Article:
Vita Nova by Louise Glück
(Library of Congress PS3557.L8 V58 1999)
Spring and autumn are my favourite times for poetry, and last fall I fell in love with poet Lousie Glück, who makes her home in Cambridge. In mid-April I read Vita Nova in one sitting, a collection of poems about spring, about death and rebirth, about starting over. Although the ostensible subject matter of the collection is the aftermath of a broken marriage, Vita Nova is replete with symbols drawn from classical mythology. As a historian and art historian, I find these themes in her work a hearkening back to oral tradition, to the foundations of poetry. In the New York Times Book Review it was once written that “no American poet writes better than Louise Glück[;] perhaps none can lead us so deeply into our own nature.” This exploration of the human condition has led critics to consider Glück's work to be "bleak" or "dark," but I find her work wholly uplifting, perhaps because of what poetryfoundation.org calls her poetry's "dreamlike quality that at the same time deals with the realities of passionate and emotional subject." If you wish to explore her work, the Athenæum holds many of her publications, as well as a volume of her collected works.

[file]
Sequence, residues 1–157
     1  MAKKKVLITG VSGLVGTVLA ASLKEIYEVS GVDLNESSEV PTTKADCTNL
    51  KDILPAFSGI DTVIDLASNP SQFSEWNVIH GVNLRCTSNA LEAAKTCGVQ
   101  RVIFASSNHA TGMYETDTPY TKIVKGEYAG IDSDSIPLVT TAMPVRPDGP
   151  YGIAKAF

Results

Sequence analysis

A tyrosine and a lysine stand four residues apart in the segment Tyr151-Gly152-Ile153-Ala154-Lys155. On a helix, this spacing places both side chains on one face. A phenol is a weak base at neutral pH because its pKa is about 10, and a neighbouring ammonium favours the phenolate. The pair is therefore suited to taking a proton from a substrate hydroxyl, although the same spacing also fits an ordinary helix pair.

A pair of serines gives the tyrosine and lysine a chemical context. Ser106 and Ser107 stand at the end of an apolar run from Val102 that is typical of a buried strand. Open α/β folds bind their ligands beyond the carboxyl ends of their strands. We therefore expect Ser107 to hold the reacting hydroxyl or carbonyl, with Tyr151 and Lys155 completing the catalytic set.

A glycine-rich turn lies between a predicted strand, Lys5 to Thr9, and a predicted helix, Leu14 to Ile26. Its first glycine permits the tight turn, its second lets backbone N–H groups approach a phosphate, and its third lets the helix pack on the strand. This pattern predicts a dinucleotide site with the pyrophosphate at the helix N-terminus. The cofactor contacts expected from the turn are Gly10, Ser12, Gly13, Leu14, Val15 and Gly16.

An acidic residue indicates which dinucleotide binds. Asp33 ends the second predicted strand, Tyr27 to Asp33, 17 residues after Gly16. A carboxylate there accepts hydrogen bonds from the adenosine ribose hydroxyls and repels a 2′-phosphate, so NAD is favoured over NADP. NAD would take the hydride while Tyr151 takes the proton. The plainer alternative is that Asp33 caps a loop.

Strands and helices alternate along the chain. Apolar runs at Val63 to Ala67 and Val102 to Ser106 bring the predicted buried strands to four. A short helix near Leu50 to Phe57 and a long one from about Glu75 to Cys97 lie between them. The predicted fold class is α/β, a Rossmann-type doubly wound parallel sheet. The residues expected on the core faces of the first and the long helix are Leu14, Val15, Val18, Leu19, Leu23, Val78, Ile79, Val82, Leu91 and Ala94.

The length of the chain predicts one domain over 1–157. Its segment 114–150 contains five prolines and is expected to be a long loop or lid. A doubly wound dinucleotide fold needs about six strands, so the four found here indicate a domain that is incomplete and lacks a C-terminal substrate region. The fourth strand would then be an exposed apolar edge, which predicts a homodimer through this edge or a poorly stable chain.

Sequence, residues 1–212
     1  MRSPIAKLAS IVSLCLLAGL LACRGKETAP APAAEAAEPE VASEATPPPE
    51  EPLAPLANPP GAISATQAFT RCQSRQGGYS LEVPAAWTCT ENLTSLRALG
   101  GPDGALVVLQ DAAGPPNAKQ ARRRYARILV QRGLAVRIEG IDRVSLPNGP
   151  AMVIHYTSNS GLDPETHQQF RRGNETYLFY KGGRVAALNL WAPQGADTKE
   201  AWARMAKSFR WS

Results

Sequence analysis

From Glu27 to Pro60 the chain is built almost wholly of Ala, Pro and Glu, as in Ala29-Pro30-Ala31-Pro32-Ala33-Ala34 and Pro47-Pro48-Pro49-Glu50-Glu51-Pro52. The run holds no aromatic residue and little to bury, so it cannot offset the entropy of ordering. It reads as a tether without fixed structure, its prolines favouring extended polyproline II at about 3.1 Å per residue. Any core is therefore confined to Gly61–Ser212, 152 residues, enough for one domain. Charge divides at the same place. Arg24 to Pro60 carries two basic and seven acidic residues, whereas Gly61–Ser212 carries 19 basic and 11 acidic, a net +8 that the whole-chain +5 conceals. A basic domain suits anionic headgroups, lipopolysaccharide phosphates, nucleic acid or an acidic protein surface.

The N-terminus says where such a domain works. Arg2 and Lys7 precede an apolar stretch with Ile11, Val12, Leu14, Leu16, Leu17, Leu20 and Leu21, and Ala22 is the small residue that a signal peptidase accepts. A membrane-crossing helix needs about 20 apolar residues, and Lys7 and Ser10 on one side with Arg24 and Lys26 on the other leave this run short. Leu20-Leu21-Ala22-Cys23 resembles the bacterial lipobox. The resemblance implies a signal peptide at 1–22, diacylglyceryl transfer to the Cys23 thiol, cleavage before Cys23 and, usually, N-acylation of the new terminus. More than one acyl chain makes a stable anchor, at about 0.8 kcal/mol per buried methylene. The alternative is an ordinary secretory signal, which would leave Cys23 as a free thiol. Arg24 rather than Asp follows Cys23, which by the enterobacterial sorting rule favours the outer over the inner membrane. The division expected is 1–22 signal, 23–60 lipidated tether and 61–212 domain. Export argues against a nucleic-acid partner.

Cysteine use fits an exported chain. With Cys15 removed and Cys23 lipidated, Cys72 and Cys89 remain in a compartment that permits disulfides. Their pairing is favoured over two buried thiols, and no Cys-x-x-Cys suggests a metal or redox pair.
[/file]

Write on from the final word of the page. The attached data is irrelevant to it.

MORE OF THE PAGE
Notes From a Small Island by Bill Bryson
(Library of Congress DA566.4 .B79 1996)
If you've visited Great Britain before, many of Bryson's anecdotes will sound all too familiar. I enjoyed being virtually transported back to one of my favorite places on the planet and being reminded of its lovable quirks. If you've never been to England, Wales, or Scotland, this book is a fun, quick read introducing you to the charming people and places you'll find there. Notes From a Small Island is Bryson's final tour of Britain before returning to America after living 20 years as an expat. By the end of the book, you and Bill will wonder together why on earth he would want to leave such a lovely place. Flaubert’s verdant pastures and dusty roads of provincial France come alive, as does Madame’s hunger for the good life and fiery passions. A Gallic workout for the senses.
Submission by Michel Houellebecq; translated from French by Lorin Stein
(Library of Congress NEW PZ4.H8334 Su 2015)
Released in its English translation in late 2015, Submission, Michel Houellebecq’s (pronounced: well-beck) fourth novel, put the author into a near Rushdie-like exile after the book rankled Muslim extremists due its portrayal of the of the New Islamic Party candidate’s election to French President and the consequent induction of Islamic Law. Houellebecq’s caricature “graced” the cover of the January 7, 2015 lampooning tabloid Charlie Hebdo. That morning two Islamic gunmen shot and killed twelve Hebdo staff members and sparked the international Je Suis Charile movement.
The Islamic President’s election is a minor portion in a brief book, much like the controversial references to Mohammed in Rushdie’s Satanic Verses. Through its main character and narrator François—the bored, depressive, self-indulgent Sorbonne University Professor and J. K. Huysman expert—Submission questions how we all submit on a daily basis, and how true submission is an act of devotion in a society awash in manipulation, politicking and instantaneous impulse gratification.
The Man That Got Away: The Life and Songs of Harold Arlen by Walter Rimler
(Library of Congress NEW CT275.A75 R55 2015)